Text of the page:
By Terri Jo Neff |
Arizona Secretary of State Katie Hobbs is coming under attack from within her own party over her involvement in events which led a federal jury to award $2.75 million in damages this week to a former policy advisor Hobbs helped fire in 2015.
That staff member, Talonya Adams, had brought it to the attention of Democratic Senate leaders that as a Black female she was being paid significantly less than policy advisors who were White males. Adams had also documented those other staffers received pay raises while she had not, despite no negative performance reviews.
That put Adams’ claims of pay disparity on the shoulders of Hobbs, who was Senate Minority Leader in 2015, making her the top ranking Democrat in the state Senate at the time. And when Adams was terminated a short while later, there was undisputed evidence that Hobbs was intimately involved in the process.
There have been two trials in U.S. District Court stemming from Adams’ federal racial discrimination and retaliatory termination firing lawsuit. In both, juries found in favor of Adams, and this week that second jury’s award of $2.75 million far exceeded the first jury’s award of $1 million.
There was little public attention to Hobbs’ role in the Adams case during the first trial in 2019 despite Hobbs serving as Secretary of State, which puts her in line to be Governor if anything happens to Doug Ducey.
But with Hobbs seeking the Democratic nomination for Arizona Governor, her actions just a few years ago as Senate Minority Leader are coming under intense scrutiny. Even within her own party.
Especially after Hobbs allowed her gubernatorial campaign spokeswoman to issue a press release after the jury’s unanimous verdict. Not only is the statement in the words of the spokeswoman Jennah Rivera instead of Hobbs, but the statement fail to express any concern for Adams.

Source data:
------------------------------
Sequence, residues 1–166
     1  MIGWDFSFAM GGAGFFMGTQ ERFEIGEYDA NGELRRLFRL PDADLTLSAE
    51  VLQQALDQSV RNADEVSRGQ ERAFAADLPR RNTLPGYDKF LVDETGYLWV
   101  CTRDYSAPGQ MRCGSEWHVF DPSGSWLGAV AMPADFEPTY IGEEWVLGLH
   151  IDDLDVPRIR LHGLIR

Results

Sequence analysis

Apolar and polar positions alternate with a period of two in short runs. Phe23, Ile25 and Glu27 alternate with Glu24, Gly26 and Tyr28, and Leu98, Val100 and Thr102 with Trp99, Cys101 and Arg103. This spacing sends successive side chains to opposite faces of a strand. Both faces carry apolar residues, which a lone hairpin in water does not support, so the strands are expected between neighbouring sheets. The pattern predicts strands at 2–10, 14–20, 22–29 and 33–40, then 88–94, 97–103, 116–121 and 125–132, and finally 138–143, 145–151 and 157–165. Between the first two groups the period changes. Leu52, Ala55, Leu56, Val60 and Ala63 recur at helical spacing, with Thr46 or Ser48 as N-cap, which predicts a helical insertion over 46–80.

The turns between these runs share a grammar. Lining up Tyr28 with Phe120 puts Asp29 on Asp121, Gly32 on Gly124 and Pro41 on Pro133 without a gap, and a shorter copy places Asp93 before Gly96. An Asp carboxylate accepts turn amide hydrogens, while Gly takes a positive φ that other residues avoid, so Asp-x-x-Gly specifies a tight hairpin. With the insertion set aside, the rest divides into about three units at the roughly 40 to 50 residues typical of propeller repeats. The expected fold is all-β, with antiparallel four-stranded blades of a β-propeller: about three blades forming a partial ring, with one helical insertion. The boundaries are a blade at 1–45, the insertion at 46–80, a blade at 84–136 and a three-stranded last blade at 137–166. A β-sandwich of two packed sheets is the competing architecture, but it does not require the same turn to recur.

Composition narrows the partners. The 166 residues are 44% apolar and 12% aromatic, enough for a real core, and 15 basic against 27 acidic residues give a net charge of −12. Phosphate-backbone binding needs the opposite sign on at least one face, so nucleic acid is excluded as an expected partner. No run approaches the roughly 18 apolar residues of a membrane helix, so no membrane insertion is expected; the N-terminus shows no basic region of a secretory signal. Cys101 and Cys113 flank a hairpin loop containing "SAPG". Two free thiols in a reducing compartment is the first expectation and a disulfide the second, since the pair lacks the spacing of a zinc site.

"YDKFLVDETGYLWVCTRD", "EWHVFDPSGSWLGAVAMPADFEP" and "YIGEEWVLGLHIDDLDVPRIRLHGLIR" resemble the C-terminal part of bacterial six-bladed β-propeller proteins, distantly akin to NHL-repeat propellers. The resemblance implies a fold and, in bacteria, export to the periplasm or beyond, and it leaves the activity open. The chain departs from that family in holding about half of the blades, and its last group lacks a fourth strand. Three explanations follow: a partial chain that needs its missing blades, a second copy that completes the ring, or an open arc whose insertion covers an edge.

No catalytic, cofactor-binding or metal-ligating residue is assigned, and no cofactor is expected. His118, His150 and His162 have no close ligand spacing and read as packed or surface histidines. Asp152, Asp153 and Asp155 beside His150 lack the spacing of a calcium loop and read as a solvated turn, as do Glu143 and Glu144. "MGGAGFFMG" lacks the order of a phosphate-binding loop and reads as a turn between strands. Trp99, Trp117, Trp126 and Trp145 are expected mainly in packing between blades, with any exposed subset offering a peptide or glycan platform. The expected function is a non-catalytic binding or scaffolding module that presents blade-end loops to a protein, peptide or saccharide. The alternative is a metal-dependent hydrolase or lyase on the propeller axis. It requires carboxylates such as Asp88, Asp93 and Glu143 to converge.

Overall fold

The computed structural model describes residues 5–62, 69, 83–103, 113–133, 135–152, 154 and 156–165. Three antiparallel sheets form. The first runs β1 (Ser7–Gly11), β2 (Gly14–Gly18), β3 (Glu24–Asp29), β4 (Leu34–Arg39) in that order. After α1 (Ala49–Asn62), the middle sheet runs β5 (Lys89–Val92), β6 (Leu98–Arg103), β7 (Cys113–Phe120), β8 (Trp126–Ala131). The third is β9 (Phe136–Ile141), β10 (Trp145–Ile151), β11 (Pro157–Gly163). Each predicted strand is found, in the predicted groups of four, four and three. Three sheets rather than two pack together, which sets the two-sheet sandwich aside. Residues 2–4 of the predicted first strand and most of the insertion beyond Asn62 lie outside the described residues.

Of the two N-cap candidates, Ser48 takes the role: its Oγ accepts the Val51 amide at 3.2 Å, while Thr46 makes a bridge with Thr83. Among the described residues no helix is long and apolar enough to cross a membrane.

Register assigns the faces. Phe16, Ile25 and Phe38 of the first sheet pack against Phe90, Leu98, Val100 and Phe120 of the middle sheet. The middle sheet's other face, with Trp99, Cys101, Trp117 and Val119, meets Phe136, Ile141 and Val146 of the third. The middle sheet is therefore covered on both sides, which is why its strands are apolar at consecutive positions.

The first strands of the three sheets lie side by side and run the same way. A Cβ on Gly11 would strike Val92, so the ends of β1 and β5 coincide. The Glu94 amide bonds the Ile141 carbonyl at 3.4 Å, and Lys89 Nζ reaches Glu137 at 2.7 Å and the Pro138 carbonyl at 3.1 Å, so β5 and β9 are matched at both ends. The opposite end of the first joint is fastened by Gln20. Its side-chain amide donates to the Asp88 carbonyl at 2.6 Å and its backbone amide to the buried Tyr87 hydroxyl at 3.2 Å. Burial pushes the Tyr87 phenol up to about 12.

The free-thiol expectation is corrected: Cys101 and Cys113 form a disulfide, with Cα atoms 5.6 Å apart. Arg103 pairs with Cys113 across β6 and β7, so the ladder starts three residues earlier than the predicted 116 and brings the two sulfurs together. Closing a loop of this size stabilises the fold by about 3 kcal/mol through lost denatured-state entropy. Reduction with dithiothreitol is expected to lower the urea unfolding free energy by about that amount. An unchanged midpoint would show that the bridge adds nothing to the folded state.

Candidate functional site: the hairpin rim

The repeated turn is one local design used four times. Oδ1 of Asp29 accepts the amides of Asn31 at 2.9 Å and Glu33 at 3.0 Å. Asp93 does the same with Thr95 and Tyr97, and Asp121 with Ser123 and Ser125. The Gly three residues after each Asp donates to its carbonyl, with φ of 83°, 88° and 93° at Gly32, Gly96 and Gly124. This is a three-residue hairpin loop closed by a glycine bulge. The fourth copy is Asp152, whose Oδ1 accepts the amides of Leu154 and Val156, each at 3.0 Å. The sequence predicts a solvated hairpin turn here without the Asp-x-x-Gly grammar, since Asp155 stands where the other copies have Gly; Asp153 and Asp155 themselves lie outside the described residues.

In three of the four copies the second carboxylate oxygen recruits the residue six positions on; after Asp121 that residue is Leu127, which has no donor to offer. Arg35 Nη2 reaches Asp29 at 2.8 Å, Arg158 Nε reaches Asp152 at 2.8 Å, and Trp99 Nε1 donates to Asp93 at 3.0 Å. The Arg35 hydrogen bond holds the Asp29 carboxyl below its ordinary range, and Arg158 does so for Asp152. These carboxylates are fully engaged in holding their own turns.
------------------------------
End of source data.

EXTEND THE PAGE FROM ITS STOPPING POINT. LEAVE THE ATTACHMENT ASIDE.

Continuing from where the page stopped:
That statement turned Adams’ struggles into a campaign ad for Hobbs, with criticism of how diversity and wage inequity is currently handled by the Republican-controlled Legislature. Nowhere does Rivera own up to the fact Hobbs was in meetings with other Democrats in 2015 figuring out how to fire Adams just weeks after the employee complained about her pay.
And then there is the claim in Rivera’s statement about how Hobbs “voluntarily” testified. Hours later, Adams tweeted a copy of the federal subpoena which had been served on Hobbs requiring her presence in court for the trial.
In June, Hobbs explained her decision to run for governor by stating she wanted to “deliver transparency, accountability, and results for Arizonans — just like I’ve done my whole career.”
That has left one prominent Democrat calling for a sincere review of Hobbs’ actions both in 2015 and today in dealing with the Adams’ case.
“We need to have an open and honest discussion about what happened, who is accountable, and if we, as Democrats, are prepared to support a nominee for governor who behaved in this manner just a few short years ago,” said former Rep. Aaron Lieberman,
Lieberman, who is considered Hobbs’ top challenger for the Democratic nomination for governor, also says that the Democratic platform on equality and fair treatment for all needs to be more than a campaign motto.
“Being an effective Democratic leader is about more than just participating in partisan fights; it is about holding a key set of values and living those values all the time—especially when no one is watching,” said Lieberman.